-----------------------------------------

3. (U) The Senior Officials Committee on Energy Cooperation in
North-East Asia (SOC) is the progenitor of, and steering committee
for, the Intergovernmental Collaborative Mechanism on Energy
Cooperation in North-East Asia (the Mechanism), which falls under
the aegis of the UN Economic and Social Commission for Asia and the
Pacific (UNESCAP). The first SOC established the Mechanism at its
November, 2005 meeting in Ulaanbaatar, aiming "to facilitate energy
cooperation and trade to enhance energy security in North-East
Asia." A Working Group on Energy Planning and Cooperation (WG-EPP)
carries out the mandates of the SOC and has met four times since
May, 2006. The Jeju meeting was the third SOC, following the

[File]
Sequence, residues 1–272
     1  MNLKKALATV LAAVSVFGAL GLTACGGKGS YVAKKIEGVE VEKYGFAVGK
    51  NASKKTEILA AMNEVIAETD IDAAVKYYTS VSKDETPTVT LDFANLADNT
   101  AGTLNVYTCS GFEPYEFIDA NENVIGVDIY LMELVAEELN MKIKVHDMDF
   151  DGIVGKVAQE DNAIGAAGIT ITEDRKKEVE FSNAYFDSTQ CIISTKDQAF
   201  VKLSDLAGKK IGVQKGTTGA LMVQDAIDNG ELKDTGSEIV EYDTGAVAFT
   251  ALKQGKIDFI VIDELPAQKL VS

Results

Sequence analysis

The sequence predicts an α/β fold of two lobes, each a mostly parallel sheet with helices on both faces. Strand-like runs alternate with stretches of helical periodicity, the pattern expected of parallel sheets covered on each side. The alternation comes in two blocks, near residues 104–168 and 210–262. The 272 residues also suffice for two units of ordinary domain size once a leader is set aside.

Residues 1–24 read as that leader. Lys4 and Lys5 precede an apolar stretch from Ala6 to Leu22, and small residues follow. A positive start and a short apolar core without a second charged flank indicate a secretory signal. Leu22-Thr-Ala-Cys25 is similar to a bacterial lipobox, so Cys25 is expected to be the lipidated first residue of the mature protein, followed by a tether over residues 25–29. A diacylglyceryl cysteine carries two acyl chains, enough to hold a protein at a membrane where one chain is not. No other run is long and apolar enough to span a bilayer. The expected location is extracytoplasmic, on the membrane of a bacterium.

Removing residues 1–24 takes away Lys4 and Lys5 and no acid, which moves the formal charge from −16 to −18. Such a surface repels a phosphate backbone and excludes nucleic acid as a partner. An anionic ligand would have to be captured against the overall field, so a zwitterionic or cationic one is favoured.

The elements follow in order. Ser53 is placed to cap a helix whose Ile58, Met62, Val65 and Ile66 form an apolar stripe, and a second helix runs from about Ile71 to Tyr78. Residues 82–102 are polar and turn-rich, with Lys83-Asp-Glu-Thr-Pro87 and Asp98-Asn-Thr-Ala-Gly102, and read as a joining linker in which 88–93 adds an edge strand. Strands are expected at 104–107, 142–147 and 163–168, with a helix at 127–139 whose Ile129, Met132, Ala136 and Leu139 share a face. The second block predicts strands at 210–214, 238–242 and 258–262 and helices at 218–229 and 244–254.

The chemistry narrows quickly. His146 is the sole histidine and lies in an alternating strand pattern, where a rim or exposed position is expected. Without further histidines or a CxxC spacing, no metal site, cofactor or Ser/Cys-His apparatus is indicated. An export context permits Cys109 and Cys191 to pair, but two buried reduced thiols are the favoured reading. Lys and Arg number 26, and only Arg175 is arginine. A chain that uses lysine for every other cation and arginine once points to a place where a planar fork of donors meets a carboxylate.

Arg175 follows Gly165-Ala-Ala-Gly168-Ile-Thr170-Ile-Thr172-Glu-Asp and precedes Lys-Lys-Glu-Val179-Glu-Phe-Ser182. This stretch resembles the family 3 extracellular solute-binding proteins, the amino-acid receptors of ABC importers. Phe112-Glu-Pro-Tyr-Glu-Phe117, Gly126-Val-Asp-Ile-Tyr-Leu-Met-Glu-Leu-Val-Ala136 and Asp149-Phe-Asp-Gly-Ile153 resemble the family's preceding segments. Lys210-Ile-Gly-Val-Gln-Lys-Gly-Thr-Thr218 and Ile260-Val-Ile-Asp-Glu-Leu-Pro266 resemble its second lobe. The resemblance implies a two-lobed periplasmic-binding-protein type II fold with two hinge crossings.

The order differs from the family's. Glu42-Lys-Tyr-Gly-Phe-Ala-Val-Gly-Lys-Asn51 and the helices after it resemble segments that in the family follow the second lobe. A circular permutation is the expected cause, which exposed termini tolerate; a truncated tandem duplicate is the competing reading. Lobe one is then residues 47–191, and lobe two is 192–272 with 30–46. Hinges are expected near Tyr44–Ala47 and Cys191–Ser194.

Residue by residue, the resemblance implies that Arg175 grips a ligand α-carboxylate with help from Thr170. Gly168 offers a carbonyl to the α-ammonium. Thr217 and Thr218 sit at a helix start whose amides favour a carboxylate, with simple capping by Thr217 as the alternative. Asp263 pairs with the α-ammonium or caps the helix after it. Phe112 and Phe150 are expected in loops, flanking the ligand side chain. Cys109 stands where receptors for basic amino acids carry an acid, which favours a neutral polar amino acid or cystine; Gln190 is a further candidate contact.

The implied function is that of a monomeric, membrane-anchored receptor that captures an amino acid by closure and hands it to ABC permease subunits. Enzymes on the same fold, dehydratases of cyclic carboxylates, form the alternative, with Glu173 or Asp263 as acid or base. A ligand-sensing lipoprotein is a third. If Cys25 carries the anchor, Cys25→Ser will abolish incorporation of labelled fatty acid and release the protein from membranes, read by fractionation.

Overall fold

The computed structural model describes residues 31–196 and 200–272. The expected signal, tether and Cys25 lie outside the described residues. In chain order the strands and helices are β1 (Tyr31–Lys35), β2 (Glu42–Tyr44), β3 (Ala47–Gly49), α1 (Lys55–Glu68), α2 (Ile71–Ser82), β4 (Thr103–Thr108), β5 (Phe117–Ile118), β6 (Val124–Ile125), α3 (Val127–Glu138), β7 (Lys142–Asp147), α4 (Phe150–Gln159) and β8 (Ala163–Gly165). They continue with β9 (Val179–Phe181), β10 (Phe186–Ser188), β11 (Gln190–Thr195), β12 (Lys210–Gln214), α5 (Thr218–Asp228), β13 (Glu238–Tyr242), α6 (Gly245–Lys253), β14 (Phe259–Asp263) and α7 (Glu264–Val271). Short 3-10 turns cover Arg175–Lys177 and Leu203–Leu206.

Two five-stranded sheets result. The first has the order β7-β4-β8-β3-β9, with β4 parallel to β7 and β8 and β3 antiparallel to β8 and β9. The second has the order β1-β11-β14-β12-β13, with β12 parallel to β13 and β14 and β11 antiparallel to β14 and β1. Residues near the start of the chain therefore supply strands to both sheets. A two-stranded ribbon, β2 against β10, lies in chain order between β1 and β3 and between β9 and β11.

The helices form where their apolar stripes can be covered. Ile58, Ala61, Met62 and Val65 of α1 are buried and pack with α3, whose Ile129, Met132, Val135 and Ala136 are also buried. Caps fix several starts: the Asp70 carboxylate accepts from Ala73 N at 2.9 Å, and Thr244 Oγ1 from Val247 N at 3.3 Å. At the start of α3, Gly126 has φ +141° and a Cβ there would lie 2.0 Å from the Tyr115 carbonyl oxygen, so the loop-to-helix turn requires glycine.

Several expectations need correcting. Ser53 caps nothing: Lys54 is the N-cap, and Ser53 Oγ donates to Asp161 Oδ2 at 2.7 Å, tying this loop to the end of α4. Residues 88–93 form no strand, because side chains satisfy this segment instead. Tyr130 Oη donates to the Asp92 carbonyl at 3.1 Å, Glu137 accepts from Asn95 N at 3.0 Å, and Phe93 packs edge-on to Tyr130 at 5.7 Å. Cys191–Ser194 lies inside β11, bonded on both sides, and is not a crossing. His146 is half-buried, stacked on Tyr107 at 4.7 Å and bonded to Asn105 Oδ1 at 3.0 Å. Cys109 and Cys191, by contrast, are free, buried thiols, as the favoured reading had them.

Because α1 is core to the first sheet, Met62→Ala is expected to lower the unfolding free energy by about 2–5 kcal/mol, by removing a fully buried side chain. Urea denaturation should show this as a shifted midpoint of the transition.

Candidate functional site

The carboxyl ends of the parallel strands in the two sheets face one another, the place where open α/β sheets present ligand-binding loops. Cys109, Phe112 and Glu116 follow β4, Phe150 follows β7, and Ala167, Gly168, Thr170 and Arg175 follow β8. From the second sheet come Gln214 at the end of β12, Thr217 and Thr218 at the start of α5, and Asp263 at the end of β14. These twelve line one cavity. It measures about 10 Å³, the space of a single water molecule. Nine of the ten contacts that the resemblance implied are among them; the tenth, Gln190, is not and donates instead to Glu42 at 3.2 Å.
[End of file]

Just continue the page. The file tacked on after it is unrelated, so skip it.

Ulaanbaatar meeting and one in Khabarovsk in December 2006. The
next SOC will be held in November, 2008 (see para. 13 below).

GOVERNMENT-BUSINESS DIALOGUE GETS UNDER WAY
-------------------------------------------

4. (U) Immediately prior to the SOC, representatives of the
participating governments held the first in a series of planned
dialogues with energy companies and sectoral experts. The December
11-12 "Government-Business Dialogue on Energy Cooperation in
North-East Asia" (GBD) recommended a joint government-business study
group to identify and assess the economic feasibility of energy
cooperation projects. Proposed joint studies included potential
projects in the coal sector; the possible export of electricity from
Russia to China, North Korea, and South Korea, as well as from
Mongolia to China; and exploration of oil and gas fields in
Mongolia.

SENIOR OFFICIALS: WHO CAME, WHO DIDN'T, AND WHY
--------------------------------------------- --

5. (U) The Jeju SOC meeting was attended by senior government
officials from Mongolia, Russia and Korea. Mongolia sent a 3-person
delegation led by Tserenpurev Tudev, State Secretary at the Ministry
of Fuel and Energy. The 5-person Russian delegation was led by